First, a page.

A lot of people helped me with this trip, especially Rene Pop, Magnus Robb, Jens Eriksen, Tommy Pedersen, Shaun Coyle and Dave Ward.
March 17th. Although I had originally planned on flying up to Seatac, by the time I priced tickets from Portland they were $400 for the 160 mile trip so I decided to drive. After a day's work, I put the boys to bed and have a coffee on the couch with my wife Tui. "You pack light". "Yep, I know". We say goodbye, and I set off on a cold, mostly clear night. A gibbous waxing moon followed my little white car north along the freeway.
The drive to Seatac went well and I pull into long-term parking just after midnight.
March 18th. It took just a few minutes to catch the bus to the terminal. There I scope out a nice bench to sleep on. I unpack my bag to get my sleeping bag. FUCK. My owling gear was at home! 30 more seconds of frantic digging confirmed the worst. I quickly execute the math. There was time, barring traffic problems, to make the drive home and pick it up. It was 1am and I have a 930am flight. It's painful to wait for the long-term parking bus to pick me up, and then lumber slowly through the terminals back to the car.
Once at the Civic, I bolt onto the freeway and drive eighty. Past suburbs full of sleeping people, farms, and forests, all the way into my driveway. Tui's surprised and confused. I am literally home for twenty seconds, then hit the road again. this time fighting sleep, all the way back to Seatac, arriving at the terminal before sunup. At the gate I sleep profoundly for an hour, then board the big plane. It's 14 hours to Dubai, and I sleep for most of them.
Arriving at Dubai is smooth. At Hertz I collect my RAV4, Maureen at the desk warns I might not be able to get it across the border to Oman, because I don't have the original registration. It takes me a couple of hours to reach the border. I fixate on this problem, but it's redundant as the border crossing is easy for me.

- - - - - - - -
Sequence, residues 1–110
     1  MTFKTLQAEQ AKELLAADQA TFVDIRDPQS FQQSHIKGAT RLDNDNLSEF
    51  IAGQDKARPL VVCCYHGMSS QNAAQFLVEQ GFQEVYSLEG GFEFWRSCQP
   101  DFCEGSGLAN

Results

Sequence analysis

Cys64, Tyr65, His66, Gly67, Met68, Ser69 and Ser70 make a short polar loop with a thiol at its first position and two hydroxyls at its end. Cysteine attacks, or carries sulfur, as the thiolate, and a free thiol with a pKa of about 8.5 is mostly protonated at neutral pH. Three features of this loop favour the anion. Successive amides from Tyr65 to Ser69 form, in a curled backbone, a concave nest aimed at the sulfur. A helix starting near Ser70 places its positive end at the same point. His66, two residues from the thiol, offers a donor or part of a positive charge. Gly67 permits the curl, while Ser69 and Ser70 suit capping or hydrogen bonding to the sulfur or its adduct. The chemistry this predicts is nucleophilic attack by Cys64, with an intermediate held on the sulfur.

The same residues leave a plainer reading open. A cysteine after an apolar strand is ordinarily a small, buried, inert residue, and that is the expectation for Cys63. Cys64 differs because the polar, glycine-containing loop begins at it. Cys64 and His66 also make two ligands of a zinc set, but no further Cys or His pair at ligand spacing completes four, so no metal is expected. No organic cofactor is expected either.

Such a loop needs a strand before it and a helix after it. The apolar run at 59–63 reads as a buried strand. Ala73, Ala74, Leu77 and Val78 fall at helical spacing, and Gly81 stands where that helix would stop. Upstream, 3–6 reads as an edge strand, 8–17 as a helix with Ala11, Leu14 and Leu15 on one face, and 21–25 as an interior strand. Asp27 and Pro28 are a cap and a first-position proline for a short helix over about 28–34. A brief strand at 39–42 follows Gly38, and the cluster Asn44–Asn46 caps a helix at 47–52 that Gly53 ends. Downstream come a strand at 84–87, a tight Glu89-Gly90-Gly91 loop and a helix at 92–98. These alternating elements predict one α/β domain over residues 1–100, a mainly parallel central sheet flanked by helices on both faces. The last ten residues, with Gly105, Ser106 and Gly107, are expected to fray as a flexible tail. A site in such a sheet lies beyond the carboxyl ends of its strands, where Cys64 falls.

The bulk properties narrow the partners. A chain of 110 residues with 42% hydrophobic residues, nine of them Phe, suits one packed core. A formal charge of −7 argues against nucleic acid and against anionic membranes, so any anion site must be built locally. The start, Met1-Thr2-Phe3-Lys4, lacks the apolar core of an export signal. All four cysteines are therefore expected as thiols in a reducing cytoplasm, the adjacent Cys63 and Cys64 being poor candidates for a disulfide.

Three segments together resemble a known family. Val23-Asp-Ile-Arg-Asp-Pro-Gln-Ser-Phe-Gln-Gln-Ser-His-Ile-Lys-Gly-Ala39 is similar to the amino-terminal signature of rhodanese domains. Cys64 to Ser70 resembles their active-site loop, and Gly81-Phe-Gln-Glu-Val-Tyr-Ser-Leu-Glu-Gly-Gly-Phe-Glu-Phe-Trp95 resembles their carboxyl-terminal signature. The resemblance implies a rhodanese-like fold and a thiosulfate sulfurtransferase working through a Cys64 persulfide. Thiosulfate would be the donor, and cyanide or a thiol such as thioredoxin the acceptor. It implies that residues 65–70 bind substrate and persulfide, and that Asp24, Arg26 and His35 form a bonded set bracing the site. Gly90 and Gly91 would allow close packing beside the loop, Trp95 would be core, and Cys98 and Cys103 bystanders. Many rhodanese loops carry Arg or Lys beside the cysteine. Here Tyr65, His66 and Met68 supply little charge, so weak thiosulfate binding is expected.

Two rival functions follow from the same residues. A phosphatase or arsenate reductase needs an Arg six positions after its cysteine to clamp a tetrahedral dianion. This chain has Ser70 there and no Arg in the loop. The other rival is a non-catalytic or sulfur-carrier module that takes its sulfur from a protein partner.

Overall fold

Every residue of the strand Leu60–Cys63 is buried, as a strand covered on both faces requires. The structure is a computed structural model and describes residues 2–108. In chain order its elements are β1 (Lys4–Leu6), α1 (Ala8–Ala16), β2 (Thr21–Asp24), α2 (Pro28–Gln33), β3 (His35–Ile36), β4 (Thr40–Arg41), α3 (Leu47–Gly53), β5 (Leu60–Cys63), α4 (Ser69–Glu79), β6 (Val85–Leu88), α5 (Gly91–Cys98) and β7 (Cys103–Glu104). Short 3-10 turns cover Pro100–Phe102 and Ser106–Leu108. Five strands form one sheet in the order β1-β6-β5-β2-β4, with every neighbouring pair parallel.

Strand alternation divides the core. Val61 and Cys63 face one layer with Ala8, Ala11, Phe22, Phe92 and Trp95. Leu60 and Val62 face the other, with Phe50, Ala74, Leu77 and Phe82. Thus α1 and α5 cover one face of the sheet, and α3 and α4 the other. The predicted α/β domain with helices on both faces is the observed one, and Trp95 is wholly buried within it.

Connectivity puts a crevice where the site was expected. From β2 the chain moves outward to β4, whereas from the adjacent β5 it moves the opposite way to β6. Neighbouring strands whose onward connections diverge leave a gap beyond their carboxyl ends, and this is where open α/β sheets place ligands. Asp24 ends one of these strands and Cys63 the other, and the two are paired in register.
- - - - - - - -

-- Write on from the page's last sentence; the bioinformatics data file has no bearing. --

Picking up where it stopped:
Once in Oman, its about 350 fast kilometers to Rustaq, a small town at the foothills of the Al Hajar Mountains. From there I drive into a large, high-walled wadi, where the Omani owl has been reported. By now it's 730pm, and recently dark. It had rained last week, and there was lots of standing water and the air was thick with little mosquitoes.I do my best to ignore them. While sorting out my owling gear I hear a distant pallid scops-owl. I track one down and enjoy a great view in a gnarled elb tree. They are common here. They have a surprisingly deep monotonous call. It's yellow eyed, with ear tufts and dark streaks on it's underparts, most strongly marked on it's chest. The bird's gray, lacking brown tones.
I start to explore the wadi. High on the cliffs goats, bleat sounding like calling owls. I do hear Omani owls a few times, but always high above me, calling very sporadically. I fret they are incubating, a time that owls can be elusive. This place is tough, the walls of the wadi tower hundreds of meters above me, and above them mountains for thousands of meters. Its a wild and impossible place.
I walk the wadi for 7 hours, then drive to a side canyon and explore it, until the huge boulders become too much. I return to the wadi, and continue my search 'till 5am. Exhausted I crawl into the back of the car and sleep 'till noon.